"You would have thought you were in New York or Chicago or London, in terms of the look and feel," she says. She cites Accenture's emphasis on consistent and culturally mixed leadership training and development programs as one of the key reasons its corporate culture can be replicated in any location.
Even in tough economies, says Lemaire, companies invest a lot to maintain that cultural vision through training and development.
Cincinnati-based Procter & Gamble, also among the Most Admired for HR companies this year, depends heavily on the common culture that arises out of a mix of shared corporate history, brand and networking, says Moheet Nagrath, vice president and global human resources officer. And like other companies that made the list, technology helps deliver the shared business strategy, which is reinforced by the corporate philosophy.
Operating in more than 80 countries, Nagrath says, Procter & Gamble functions on a five-year business plan that aligns business objectives, goals, strategies and performance measurements. The plan is distributed to leaders in the company's business units throughout the world, first by region, such as Asia and Eastern Europe, and then to countries and branch offices.
"Virtually every discipline, HR included, has its own set of technologies that are global in nature and its own set of strategies that are global," he says. "I have a leadership team for HR around the world, and we share the same priorities with every country."
Technology can't communicate a shared cultural philosophy, though, and Nagrath says those common core values have helped the company overcome political speed bumps in its path toward becoming a global organization. There are three elements that Procter & Gamble depends on to communicate that vision: corporate history, recruiting based on growth potential rather than experience, and networking opportunities.
"We've been around for 172 years, and the whole notion of integrity and the consumer has been ingrained in P&G for 172 years," he says. "History plays a role in that aspect."
Also playing a role is the company's preference for hiring candidates who want to grow in the company; many are recruited from universities. "We typically don't hire people who have experience," unless that recruit has an essential skill, such as an attorney or art designer, Nagrath says. Procter & Gamble wants every employee to mature in the company, he says. "All of our human resource practices," he says, are designed to motivate, train and retain employees throughout their careers.
That strategy pays off, not only through dedicated employees, but also through workers who become steeped in the company's culture and core values, regardless of where they are in the world, until they're the guests of honor at their own retirement dinners.
"All of our human resource practices -- our compensation, our benefits -- are geared toward motivating growing, retaining [and] moving the person throughout their career," he says.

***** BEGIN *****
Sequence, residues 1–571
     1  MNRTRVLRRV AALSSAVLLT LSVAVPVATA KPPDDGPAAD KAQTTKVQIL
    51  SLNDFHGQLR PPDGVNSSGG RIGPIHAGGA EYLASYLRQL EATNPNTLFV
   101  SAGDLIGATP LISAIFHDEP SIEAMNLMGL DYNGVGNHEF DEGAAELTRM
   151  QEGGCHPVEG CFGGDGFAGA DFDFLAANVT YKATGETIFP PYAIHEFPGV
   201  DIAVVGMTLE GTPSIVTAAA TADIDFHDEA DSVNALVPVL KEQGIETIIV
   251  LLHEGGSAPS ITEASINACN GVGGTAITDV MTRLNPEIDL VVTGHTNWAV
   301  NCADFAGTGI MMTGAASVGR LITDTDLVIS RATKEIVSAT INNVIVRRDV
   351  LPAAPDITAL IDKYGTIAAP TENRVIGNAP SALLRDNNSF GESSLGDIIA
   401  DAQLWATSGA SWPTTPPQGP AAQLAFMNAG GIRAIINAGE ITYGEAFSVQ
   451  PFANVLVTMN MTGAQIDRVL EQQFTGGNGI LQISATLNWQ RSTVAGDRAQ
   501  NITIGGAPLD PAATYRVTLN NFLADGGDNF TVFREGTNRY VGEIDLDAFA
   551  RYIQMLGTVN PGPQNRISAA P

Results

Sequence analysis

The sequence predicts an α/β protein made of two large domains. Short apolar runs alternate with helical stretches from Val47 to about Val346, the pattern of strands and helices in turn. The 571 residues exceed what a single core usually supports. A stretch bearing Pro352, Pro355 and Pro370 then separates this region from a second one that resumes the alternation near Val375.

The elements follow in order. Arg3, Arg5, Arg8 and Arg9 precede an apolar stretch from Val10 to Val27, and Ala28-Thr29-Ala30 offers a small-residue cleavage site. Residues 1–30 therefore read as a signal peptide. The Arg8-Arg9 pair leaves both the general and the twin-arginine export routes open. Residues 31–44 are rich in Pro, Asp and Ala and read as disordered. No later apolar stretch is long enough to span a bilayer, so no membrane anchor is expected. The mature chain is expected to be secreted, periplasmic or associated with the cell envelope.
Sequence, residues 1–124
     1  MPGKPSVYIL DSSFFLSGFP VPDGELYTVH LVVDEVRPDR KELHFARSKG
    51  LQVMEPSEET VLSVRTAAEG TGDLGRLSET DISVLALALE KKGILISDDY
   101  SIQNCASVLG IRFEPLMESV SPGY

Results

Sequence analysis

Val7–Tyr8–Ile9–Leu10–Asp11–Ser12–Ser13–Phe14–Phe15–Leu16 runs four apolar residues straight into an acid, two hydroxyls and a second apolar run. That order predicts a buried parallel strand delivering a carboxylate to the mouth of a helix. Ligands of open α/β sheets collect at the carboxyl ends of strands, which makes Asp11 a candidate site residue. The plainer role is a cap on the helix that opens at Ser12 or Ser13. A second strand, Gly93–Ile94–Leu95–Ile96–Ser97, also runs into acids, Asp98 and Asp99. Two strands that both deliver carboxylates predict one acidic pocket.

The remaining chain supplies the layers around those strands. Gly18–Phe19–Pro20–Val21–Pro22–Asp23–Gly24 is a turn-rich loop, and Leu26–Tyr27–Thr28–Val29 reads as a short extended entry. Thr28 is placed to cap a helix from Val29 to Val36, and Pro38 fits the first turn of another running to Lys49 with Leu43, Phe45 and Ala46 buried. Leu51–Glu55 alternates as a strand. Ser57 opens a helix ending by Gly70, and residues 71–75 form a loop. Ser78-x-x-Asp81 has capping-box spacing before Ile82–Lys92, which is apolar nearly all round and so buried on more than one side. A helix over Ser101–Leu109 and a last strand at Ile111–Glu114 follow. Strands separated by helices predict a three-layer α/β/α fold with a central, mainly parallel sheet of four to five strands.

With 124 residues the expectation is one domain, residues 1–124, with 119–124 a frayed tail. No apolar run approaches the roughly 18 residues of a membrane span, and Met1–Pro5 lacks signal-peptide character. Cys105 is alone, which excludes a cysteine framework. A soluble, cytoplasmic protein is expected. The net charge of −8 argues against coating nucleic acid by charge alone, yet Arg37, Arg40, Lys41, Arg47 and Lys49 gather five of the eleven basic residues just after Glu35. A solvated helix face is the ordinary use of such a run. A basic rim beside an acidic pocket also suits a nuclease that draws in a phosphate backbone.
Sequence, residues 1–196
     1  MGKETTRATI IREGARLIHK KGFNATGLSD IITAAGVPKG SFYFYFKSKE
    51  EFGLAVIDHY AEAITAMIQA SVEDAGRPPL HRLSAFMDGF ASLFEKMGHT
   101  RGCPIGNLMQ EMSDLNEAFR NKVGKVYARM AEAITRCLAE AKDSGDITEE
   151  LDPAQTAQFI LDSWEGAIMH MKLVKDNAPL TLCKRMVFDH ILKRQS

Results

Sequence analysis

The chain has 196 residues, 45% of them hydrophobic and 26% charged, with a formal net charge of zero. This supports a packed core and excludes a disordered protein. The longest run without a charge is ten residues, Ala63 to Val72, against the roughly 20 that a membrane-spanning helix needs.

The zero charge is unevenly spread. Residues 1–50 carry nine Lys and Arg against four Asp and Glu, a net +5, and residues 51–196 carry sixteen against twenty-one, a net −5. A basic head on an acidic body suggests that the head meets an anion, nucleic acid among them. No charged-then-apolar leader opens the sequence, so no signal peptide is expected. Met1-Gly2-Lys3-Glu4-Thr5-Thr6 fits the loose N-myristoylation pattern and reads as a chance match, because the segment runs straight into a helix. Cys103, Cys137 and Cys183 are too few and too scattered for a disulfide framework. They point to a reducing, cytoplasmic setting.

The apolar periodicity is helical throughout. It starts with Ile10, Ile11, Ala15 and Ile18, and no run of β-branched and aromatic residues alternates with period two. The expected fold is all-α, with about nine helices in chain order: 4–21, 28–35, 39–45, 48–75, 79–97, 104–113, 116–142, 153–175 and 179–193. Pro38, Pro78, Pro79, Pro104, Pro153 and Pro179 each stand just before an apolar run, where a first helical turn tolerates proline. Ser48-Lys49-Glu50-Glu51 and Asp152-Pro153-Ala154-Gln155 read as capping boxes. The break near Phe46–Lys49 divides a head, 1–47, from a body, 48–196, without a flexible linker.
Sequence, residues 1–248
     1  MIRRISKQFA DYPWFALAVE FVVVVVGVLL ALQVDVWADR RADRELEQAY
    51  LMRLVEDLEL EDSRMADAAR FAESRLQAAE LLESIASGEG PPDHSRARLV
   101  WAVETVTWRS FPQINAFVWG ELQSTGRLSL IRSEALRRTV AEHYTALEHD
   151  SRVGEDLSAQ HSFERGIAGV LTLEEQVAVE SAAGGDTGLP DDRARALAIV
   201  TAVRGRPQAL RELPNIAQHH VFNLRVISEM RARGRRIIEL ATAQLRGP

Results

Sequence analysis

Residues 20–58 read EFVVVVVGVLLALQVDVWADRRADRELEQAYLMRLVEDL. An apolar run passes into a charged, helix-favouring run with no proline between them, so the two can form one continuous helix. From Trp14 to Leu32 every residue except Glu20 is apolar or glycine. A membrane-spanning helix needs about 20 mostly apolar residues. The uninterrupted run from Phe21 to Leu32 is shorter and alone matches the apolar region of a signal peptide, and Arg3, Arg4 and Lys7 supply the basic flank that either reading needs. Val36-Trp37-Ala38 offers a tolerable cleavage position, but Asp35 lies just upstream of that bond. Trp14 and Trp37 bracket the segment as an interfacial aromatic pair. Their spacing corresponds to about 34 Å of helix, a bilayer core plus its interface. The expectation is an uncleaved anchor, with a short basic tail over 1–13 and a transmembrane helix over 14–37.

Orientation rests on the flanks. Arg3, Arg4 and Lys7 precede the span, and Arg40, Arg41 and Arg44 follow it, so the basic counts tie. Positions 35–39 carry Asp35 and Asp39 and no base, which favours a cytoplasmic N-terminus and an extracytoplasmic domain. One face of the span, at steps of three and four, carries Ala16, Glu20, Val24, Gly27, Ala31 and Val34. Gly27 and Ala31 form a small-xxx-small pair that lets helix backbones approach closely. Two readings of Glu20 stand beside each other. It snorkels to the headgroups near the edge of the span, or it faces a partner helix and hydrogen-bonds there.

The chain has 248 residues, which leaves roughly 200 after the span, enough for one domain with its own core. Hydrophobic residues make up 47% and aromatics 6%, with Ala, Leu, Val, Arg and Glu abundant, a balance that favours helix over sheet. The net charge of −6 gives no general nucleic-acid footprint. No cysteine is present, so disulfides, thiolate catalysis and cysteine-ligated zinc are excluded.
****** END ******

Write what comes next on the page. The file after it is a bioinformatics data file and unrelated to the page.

The company's top executives today, says Nagrath, have been carefully cultivated with broad global exposure, executive training and coaching from senior management "since they joined P&G two and even three decades ago." It's a process that the company continues today to keep the executive pipeline full. Once employees are identified as executive candidates, the company broadens their global experience, while providing executive coaching and mentoring.
"When I'm interacting with a colleague in China, in Argentina, in Geneva, there are differences, but essentially, we're talking the same language, which makes it easy to work globally."
Royal says Procter & Gamble shares another trait with many other Most Admired companies, in that it prides itself on sending high-potential executives to posts outside their own countries.
"They really look to international experience early in their careers as a way to build the kind of global perspective they need in their leadership to manage a global organization," he says.
Not every global company gets it, according to Fred Foulkes, director of the Human Resources Policy Institute at Boston University's School of Management. Some corporations still haven't recognized that international experience and diversity can provide a competitive advantage.
"It's very risky to take a global assignment in some companies," he says. "Out of sight, out of mind. There's a joke: In some companies, it's better to get your global experience standing next to the globe outside the president's office."
Foulkes suggests a simple litmus test to determine which global companies understand the value of global representation: check passports. "If we take the top 100 executives of a [global] company, how many passports are represented?" The companies that get it, he says, will show a wide variety of passports from Europe, Asia and other locales.
"Some companies are really working hard to make sure that diversity means [they] have lots of people of different nationalities in senior positions and in the pipeline," says Foulkes.
Gaining that sort of representation in senior leadership means establishing the corporate culture and business practices, training on the local level and creating a strong succession strategy for employee engagement.